Norms of Reason and the Prospects for Technologies and Policies of Debiasing

I have so far found most discussions and debates about the correction of cognitive "biases" very confusing, including most of the posts on this blog. Why? Because I find the very idea of a cognitive bias confusing any time I really start to think about it. A bias is a bias only relative to some standard. The cognitive shortcuts and blind spots identified in the heuristics and biases literature may look like "failure" when laid against some idealized conception of rationality, but why should we care about such conceptions of rationality anyway? A hip hop dancer is making constant "mistakes" from the perspective of the formal norms of ballet, but why on Earth would you judge hip hop from the perspective of ballet?  You wouldn’t. I’m making a "mistake," in some sense, by failing to have abs like a Spartan in 300. But so what? And in the absence of normatively  binding reasons to conduct ourselves cognitively according to the principles of idealized Rationality, cognitive "biases" may not be biases at all. Indeed, they may well be optimal relative to some other standards we have reasons to care about.

I have become convinced, from reading contemporary cognitive science, neuroscience, and Hayek, that Reason is no part of our biological endowment, and that Rationality is an "unnatural," culturally-transmitted set of cognitive norms. As I’ve analogized before, Rationality is to the mind as ballet is to the body. Failure to adhere to the standards of the canons rationality — decision theory, game theory, formal logic, Bayes Rule, etc. — is a failure to cognize balletically, but is not a mistake unless one was trying to cognize balletically, or was trying to accomplish something that requires that kind of highly polished cognition as an instrument. Reason, it turns out, is damn good for a huge number of things, has made our live unimaginably better, and deserves nothing but hymns of praise.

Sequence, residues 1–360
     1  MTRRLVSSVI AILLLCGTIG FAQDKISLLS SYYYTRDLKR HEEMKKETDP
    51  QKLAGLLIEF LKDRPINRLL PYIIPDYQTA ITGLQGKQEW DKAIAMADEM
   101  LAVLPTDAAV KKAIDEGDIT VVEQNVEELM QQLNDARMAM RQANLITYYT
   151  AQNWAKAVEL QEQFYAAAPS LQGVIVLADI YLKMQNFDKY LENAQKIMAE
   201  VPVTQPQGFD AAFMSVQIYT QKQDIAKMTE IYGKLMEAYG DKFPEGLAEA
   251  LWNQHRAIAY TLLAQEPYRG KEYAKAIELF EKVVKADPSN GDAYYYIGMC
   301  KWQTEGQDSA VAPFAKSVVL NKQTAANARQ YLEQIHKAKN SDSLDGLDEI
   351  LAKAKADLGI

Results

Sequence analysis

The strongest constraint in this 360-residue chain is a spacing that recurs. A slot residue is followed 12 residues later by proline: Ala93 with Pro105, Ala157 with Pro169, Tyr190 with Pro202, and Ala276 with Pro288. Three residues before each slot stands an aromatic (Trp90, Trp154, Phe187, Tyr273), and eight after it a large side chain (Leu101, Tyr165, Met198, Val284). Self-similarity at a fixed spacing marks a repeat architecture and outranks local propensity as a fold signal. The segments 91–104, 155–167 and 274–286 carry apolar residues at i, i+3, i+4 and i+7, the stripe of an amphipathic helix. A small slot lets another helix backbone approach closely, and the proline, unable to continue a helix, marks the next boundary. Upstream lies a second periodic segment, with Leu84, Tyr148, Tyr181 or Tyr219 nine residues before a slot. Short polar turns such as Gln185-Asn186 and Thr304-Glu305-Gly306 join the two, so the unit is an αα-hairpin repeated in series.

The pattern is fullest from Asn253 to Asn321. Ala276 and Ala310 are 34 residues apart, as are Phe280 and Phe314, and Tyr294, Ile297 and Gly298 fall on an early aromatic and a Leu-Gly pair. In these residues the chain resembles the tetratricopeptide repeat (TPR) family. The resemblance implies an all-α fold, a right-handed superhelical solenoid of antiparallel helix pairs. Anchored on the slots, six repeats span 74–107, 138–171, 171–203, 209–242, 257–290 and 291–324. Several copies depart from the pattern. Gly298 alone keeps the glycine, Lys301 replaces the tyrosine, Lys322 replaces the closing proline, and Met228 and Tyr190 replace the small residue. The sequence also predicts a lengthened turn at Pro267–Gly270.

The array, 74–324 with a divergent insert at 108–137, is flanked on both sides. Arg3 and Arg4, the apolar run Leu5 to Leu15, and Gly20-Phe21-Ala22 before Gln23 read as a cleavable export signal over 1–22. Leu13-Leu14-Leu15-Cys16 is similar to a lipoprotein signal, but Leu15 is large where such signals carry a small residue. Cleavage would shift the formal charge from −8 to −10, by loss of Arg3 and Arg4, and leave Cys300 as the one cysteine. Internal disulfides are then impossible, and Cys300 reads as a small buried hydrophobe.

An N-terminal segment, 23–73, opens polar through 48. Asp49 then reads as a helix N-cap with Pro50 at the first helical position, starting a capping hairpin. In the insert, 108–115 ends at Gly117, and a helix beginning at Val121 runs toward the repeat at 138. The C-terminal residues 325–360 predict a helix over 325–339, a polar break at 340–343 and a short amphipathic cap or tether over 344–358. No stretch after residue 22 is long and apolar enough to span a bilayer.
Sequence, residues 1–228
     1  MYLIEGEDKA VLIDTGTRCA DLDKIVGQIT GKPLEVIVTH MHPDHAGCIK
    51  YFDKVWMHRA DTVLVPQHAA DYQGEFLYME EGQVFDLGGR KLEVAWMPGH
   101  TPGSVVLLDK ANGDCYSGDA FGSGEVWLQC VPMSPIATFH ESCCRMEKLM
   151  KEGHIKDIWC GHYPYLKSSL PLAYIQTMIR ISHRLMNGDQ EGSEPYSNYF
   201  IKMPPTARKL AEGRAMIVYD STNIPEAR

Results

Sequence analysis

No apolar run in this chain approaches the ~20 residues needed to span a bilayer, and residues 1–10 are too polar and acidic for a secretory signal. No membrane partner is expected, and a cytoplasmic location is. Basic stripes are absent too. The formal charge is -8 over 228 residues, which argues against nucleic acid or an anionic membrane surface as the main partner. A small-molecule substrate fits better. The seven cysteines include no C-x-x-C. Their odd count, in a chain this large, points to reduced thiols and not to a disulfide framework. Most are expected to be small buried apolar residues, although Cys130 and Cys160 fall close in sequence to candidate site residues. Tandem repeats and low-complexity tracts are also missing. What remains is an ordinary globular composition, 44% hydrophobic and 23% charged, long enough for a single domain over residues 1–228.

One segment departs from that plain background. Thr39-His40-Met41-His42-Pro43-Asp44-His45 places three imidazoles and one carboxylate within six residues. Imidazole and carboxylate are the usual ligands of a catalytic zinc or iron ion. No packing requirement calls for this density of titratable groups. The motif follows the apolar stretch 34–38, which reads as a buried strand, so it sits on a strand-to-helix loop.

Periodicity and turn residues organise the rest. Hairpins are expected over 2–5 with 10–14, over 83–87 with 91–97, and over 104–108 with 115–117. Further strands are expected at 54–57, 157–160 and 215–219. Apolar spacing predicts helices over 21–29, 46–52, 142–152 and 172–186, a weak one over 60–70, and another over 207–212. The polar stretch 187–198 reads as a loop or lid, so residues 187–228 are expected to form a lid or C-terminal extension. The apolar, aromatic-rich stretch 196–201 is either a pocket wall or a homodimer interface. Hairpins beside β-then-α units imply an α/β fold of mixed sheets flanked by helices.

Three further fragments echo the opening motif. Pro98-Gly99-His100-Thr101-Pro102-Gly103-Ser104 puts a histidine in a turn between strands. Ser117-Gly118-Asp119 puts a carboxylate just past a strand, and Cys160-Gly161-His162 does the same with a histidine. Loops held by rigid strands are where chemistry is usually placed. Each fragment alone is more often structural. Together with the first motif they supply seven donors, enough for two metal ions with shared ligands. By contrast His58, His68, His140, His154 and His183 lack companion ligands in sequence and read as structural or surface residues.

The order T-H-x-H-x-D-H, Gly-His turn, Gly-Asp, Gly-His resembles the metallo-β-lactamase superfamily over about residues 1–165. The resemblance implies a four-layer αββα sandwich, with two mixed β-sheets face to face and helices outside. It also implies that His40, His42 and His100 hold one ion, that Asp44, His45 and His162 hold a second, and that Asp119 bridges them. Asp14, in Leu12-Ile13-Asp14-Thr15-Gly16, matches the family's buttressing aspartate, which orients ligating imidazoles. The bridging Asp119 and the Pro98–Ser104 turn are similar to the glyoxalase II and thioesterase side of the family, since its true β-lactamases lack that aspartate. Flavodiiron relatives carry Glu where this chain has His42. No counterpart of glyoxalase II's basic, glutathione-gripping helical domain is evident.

Nevertheless, I think it is important to acknowledge that the project of this blog — the project of debiasing-as-making-Rational — is about adjusting our cognitive behavior to live up to a particular set of cultural ideals, not about living up to our "nature" as putatively rational beings. People guilty of cognitive biases are failures in the sense that people who don’t have the discipline to hold down a job are failures. Shame! But if we look at this kind of "failure" from an outside perspective, as detached but interested consumers and critics of our own cultural norms, then we’ve got to ask: so what? The cultural project of debiasing is about cultivating norms that prevent people from shifting to or feeling comfortable in the "so what?" perspective. What can we say in favor of this cultural project?